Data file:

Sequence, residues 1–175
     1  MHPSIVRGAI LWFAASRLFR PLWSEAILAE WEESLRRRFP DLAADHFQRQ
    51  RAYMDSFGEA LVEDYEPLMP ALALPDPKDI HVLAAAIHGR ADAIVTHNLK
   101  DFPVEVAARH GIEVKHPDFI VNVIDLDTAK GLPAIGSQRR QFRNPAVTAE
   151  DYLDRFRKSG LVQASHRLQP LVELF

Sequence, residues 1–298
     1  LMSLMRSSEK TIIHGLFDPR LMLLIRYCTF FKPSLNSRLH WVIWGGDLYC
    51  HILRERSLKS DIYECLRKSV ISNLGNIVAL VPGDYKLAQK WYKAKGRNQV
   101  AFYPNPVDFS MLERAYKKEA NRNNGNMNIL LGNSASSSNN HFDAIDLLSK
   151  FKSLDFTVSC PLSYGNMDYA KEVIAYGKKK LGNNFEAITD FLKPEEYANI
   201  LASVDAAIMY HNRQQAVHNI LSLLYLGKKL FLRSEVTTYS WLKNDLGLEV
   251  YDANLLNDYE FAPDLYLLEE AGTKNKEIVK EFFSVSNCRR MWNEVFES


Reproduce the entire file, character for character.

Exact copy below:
Sequence, residues 1–175
     1  MHPSIVRGAI LWFAASRLFR PLWSEAILAE WEESLRRRFP DLAADHFQRQ
    51  RAYMDSFGEA LVEDYEPLMP ALALPDPKDI HVLAAAIHGR ADAIVTHNLK
   101  DFPVEVAARH GIEVKHPDFI VNVIDLDTAK GLPAIGSQRR QFRNPAVTAE
   151  DYLDRFRKSG LVQASHRLQP LVELF

Sequence, residues 1–298
     1  LMSLMRSSEK TIIHGLFDPR LMLLIRYCTF FKPSLNSRLH WVIWGGDLYC
    51  HILRERSLKS DIYECLRKSV ISNLGNIVAL VPGDYKLAQK WYKAKGRNQV
   101  AFYPNPVDFS MLERAYKKEA NRNNGNMNIL LGNSASSSNN HFDAIDLLSK
   151  FKSLDFTVSC PLSYGNMDYA KEVIAYGKKK LGNNFEAITD FLKPEEYANI
   201  LASVDAAIMY HNRQQAVHNI LSLLYLGKKL FLRSEVTTYS WLKNDLGLEV
   251  YDANLLNDYE FAPDLYLLEE AGTKNKEIVK EFFSVSNCRR MWNEVFES